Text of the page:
Article Text

Protocol
Understanding and addressing changing administrative workload in primary care in Canada: protocol for a mixed-method study
  1. M Ruth Lavergne1,2,
  2. Catherine Moravac1,
  3. Fiona Bergin3,
  4. Richard Buote4,
  5. Julie Easley5,
  6. Agnes Grudniewicz6,
  7. Lindsay Hedden2,
  8. Myles Leslie7,
  9. Madeleine McKay8,
  10. Emily Gard Marshall1,
  11. Ruth Martin-Misener9,
  12. Melanie Mooney10,
  13. Erin Palmer11,
  14. Joshua Tracey11
  1. 1Department of Family Medicine, Dalhousie University Faculty of Medicine, Halifax, Nova Scotia, Canada
  2. 2Simon Fraser University, Burnaby, British Columbia, Canada
  3. 3Practice Ready Assessment Program, Dalhousie University Faculty of Medicine, Halifax, Nova Scotia, Canada
  4. 4College of Family Physicians of Canada, Mississauga, Ontario, Canada
  5. 5Family Medicine, Horizon Health Network, Fredericton, New Brunswick, Canada
  6. 6Telfer School of Management, University of Ottawa, Ottawa, Ontario, Canada
  7. 7University of Calgary, Calgary, Alberta, Canada
  8. 8Doctors Nova Scotia, Dartmouth, Nova Scotia, Canada
  9. 9School of Nursing, Faculty of Health, Dalhousie University, Halifax, Nova Scotia, Canada
  10. 10Primary Health Care and Chronic Disease Management, Nova Scotia Health Authority, Yarmoth, Nova Scotia, Canada
  11. 11Dalhousie University Faculty of Medicine, Saint John, New Brunswick, Canada
  1. Correspondence to Dr M Ruth Lavergne; ruth.lavergne{at}dal.ca

Abstract

Introduction Many Canadians struggle to access the primary care they need while at the same time primary care providers report record levels of stress and overwork. There is an urgent need to understand factors contributing to the gap between a growing per-capita supply of primary care providers and declines in the availability of primary care services. The assumption of responsibility by primary care teams for services previously delivered on an in-patient basis, along with a rise in administrative responsibilities may be factors influencing reduced access to care.

Methods and analysis In this mixed-methods study, our first objective is to determine how the volume of services requiring primary care coordination has changed over time in the Canadian provinces of Nova Scotia and New Brunswick. We will collect quantitative administrative data to investigate how services have shifted in ways that may impact administrative workload in primary care. Our second objective is to use qualitative interviews with family physicians, nurse practitioners and administrative team members providing primary care to understand how administrative workload has changed over time. We will then identify priority issues and practical response strategies using two deliberative dialogue events convened with primary care providers, clinical and system leaders, and policy-makers.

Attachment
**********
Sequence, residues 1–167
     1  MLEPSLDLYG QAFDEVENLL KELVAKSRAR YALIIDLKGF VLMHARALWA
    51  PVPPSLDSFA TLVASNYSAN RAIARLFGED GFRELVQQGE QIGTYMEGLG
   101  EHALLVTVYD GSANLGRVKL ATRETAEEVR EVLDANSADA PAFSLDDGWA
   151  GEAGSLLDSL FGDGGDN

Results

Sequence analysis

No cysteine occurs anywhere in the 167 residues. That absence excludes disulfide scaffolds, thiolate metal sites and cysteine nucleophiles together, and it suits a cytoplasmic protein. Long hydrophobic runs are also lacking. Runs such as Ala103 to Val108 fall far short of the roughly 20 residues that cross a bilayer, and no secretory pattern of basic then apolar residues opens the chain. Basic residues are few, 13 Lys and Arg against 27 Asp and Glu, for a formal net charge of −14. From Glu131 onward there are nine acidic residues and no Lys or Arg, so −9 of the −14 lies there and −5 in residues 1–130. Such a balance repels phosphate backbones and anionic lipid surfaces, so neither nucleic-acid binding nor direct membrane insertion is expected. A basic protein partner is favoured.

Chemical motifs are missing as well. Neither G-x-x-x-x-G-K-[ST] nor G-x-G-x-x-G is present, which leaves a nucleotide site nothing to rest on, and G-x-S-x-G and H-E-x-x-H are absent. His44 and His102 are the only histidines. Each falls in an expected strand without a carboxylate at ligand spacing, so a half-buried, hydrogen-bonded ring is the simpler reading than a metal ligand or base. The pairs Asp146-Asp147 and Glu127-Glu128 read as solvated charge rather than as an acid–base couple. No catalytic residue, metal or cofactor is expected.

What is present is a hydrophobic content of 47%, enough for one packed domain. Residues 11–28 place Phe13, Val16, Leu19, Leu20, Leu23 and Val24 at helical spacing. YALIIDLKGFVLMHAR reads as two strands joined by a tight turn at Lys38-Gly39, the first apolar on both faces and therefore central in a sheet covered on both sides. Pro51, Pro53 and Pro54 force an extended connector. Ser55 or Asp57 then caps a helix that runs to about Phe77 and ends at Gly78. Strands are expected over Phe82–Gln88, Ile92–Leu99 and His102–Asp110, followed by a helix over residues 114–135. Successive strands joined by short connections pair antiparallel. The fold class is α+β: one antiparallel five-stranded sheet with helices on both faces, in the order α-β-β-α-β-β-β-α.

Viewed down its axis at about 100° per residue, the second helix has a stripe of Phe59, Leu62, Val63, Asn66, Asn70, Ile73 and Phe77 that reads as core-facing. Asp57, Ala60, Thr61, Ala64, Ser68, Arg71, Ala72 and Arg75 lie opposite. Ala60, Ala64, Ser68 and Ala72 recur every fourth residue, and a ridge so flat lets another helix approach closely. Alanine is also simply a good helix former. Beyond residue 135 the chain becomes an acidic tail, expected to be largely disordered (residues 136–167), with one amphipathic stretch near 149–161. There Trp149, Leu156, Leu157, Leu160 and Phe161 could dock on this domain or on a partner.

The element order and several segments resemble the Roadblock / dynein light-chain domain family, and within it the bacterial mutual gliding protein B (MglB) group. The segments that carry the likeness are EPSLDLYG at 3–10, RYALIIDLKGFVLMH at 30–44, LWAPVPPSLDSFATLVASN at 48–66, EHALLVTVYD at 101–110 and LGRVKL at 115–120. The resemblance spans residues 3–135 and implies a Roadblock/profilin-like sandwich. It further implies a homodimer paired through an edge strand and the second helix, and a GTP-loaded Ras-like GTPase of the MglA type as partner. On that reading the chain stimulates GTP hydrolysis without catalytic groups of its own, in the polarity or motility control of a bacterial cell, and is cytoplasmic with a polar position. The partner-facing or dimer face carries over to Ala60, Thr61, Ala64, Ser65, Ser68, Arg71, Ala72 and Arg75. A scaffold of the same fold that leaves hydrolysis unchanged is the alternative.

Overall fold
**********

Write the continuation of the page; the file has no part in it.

We will analyse changes in service use data between 2001/2002 and 2021/2022 using annual total counts, rates per capita, rates per primary care provider and per primary care service. We will conduct reflexive thematic analysis to develop themes and to compare and contrast participant responses reflecting differences across disciplines, payment and practice models, and practice settings. Areas of concern and potential solutions raised during interviews will inform deliberative dialogue events.

Ethics and dissemination We received research ethics approval from Nova Scotia Health (#1028815). Knowledge translation will occur through dialogue events, academic papers and presentations at national and international conferences.

  • primary care
  • health services administration & management
  • organisation of health services
  • human resource management
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STRENGTHS AND LIMITATIONS OF THIS STUDY

  • This study will involve both quantitative and qualitative data complemented by deliberative dialogue events for robust description, analysis and actionable recommendations.

  • Trustworthiness of qualitative methods and analysis will be demonstrated through inclusion of three professional groups working in two provinces, the positionality and reflexivity of diverse research team members, the use of constant comparison throughout concurrent data collection, thick description and an audit trail.

  • A population-level analysis of factors shaping changing workload will inform trends for system-wide planning, but will not provide detailed clinician-level information.

Introduction